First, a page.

Acclaimed Pitmen Painters Makes Its Last Brush Stroke on Broadway Dec. 12

By Kenneth Jones
12 Dec 2010

Brian Lonsdale, Deka Walmsley and Michael Hodgson
Brian Lonsdale, Deka Walmsley and Michael Hodgson
Photo by Joan Marcus

Tony Award winner Lee Hall's The Pitmen Painters, his acclaimed play about British miners who became celebrated artists in the 1930s and '40s, ends its limited engagement at Manhattan Theatre Club's Broadway home, the Samuel J. Friedman Theatre, on Dec. 12.

The play officially opened on Broadway — with its original U.K. cast — Sept. 30. MTC, by special arrangement with Bob Boyett, produces the Live Theatre Newcastle/National Theatre of Great Britain's co-production. Previews began Sept. 14. 

Inspired by a book by William Feaver, and embraced by many London and New York critics, the play tells the story of the Ashington Group — miners from Northumberland who became celebrated artists. The five men in the play are a theatrical representation of more than 30 members of the group. The characters also include a "dental mechanic" and an unemployed fellow, who are technically not miners. 

Max Roberts (artistic director and founding member of Live Theatre, Newcastle upon Tyne) again directs the original company. The cast members, who premiered at Live Theatre in 2007, include Christopher Connel, Michael Hodgson, Ian Kelly, Brian Lonsdale, Lisa McGrillis (as an artists' model), Deka Walmsley, David Whitaker and Phillippa Wilson (as a rich art lover). They appear with the permission of Actors' Equity Association. The company also includes Jack Koenig, Trevor Fox and Christa Scott-Reed.



The Pitmen Painters was named Best Play at the 2008 Evening Standard Awards. Hall won the Best Book Tony Award for penning Billy Elliot The Musical, based on his screenplay.

"It's a piece of lost social history," Hall told Playbill.com, talking about finding Feaver's book in a bookstore. "It was about this group of miners where I'm from in the Northeast of England, who became really accomplished and famous painters of their day. I got in a cab, and I started reading this thing, and, before I finished the first chapter, I rang [director] Max [Roberts], who is a long-term collaborator. I owed him a play, and I said, 'I'm going to cancel the play I was going to write for you because I found this fantastic story.'"

Here's how MTC characterizes the new play: "The Pitmen Painters is a humorous, deeply moving and timely look at art, class, and politics. In 1934, a group of Ashington miners hired a professor to teach an art appreciation evening class. Rapidly abandoning theory in favor of practice, the pitmen began to paint. Within a few years the most avant-garde artists became their friends and their work was acquired by prestigious collections; but every day they worked, as before, down the mine."

The production features scenic and costume design by Gary McCann, lighting design by Douglas Kuhrt and sound design by Martin Hodgson.

Projections of actual Pitmen paintings punctuate the production, prompting "ooohs" and "aaahs" from the audience. The "untutored" art is surprisingly evocative.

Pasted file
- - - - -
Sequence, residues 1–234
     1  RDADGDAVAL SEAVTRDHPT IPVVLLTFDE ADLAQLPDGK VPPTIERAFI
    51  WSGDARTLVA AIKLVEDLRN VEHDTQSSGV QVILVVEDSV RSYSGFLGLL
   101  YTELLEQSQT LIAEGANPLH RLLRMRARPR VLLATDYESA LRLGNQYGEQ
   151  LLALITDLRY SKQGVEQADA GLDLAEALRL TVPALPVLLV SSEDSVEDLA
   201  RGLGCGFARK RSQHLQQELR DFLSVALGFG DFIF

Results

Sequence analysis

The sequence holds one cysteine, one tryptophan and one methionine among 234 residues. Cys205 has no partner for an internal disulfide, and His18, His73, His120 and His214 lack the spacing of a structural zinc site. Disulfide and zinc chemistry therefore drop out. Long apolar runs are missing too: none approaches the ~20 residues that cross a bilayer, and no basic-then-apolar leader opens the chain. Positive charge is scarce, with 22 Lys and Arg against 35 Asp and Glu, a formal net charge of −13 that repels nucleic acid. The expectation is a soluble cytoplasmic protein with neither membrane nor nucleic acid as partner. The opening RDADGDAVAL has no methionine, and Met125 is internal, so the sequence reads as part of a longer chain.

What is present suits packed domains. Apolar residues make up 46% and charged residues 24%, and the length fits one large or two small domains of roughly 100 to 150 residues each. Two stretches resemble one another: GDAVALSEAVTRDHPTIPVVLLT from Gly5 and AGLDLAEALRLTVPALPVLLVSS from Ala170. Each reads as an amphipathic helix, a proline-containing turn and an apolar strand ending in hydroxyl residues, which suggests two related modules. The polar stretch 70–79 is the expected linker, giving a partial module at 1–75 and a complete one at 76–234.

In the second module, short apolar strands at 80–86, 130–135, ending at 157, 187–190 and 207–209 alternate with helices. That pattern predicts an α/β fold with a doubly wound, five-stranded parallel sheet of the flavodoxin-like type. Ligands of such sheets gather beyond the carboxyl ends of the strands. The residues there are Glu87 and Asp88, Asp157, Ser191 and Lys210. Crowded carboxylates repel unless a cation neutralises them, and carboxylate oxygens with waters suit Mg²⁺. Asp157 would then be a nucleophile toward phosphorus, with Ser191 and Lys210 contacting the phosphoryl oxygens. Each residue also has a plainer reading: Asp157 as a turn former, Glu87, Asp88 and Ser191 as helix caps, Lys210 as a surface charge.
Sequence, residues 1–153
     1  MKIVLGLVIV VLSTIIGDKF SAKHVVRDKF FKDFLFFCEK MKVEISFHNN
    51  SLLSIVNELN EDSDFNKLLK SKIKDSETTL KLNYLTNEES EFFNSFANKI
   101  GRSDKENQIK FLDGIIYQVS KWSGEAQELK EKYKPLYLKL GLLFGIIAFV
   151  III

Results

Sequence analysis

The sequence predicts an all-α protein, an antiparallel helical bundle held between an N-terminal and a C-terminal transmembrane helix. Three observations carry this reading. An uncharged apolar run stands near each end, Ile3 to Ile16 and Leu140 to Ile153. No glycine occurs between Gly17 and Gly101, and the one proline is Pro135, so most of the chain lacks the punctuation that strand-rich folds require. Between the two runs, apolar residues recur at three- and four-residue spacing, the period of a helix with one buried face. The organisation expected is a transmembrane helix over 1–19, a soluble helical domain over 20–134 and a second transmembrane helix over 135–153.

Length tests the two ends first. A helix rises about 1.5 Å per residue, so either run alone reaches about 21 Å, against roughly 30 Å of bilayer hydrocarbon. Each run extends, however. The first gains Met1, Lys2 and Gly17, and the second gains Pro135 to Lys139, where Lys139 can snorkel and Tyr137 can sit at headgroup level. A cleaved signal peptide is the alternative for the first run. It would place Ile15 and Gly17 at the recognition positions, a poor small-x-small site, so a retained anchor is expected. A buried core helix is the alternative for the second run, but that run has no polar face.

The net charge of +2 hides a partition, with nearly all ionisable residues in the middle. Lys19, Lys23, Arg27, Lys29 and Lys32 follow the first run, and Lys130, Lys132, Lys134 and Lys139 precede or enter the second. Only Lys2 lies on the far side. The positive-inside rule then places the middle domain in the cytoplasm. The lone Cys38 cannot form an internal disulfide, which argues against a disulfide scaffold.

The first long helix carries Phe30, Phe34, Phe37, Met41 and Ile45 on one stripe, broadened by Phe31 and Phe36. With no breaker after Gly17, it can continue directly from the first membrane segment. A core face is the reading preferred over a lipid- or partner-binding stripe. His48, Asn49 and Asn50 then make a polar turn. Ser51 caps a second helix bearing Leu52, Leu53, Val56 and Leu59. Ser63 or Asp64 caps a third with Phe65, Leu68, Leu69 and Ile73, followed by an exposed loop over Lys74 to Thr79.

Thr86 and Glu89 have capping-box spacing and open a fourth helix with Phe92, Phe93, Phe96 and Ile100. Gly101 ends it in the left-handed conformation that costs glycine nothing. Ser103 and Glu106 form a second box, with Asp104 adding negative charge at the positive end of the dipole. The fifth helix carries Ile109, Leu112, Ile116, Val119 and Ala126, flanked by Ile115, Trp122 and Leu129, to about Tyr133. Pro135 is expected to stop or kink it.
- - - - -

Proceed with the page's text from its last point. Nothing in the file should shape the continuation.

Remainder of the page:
Director Roberts told Playbill.com, "I'd actually been to the museum where some of the paintings were being displayed in the Northeast of England. You know, you often buy a book when you go to an exhibition, and you look at the pictures, and you don't quite read it, and then you just put it on your shelf, so when [Lee Hall] rang me from the cab, [I said,] 'Oh, yeah. I've got that. I've seen the paintings.' And I actually pulled it off the shelf, and I read it straightaway and shared Lee's passion that this could indeed be a play."

The two-act play takes place in Ashington, Northumberland, Newcastle Upon Tyne, London and Edinburgh between 1934 and 1947.

Playwright Hall was born in 1966 in Newcastle upon Tyne and was educated at Fitzwilliam College, Cambridge. His best known screenwriting credit is "Billy Elliot," which received BIFA Award for Best Screenplay; two BAFTA nominations for Best Newcomer and Best Screenplay; and an Oscar nomination for Best Original Screenplay. Billy Elliot The Musical (Victoria Palace Theatre, Broadway and Sydney), with music by Elton John, received the 2005 Evening Standard Award for Best Musical and nine Olivier Award nominations, winning five including Best New Musical. It won the Tony Award as Best Musical. Hall's playwriting credits include Spoonface Steinberg at the Ambassadors; Cooking With Elvis, which had its premiere at Live Theatre then toured to Edinburgh, transferred to the West End, toured nationally and was nominated for an Olivier Award for Best Comedy; adaptations including The Barber of Seville (Bristol Old Vic), The Good Hope (National), Pinocchio (Lyric Hammersmith), Mother Courage (Shared Experience), Servant to Two Masters (RSC/Young Vic), Mr. Puntila and his Man Matti (Almeida/Right Size) and Leonce and Lena (Gate Theatre). Hall is currently working on a play for the National Theatre, a new musical with Elton John, The Wall – the Musical with Roger Waters and a film about the director Douglas Sirk for Paramount.

Tickets for the production are on sale by visiting Telecharge.com or by calling (212) 239-6200. The Samuel J. Friedman Theatre is at 261 West 47th Street. For more information, visit www.ManhattanTheatreClub.com.

Watch highlights from the show: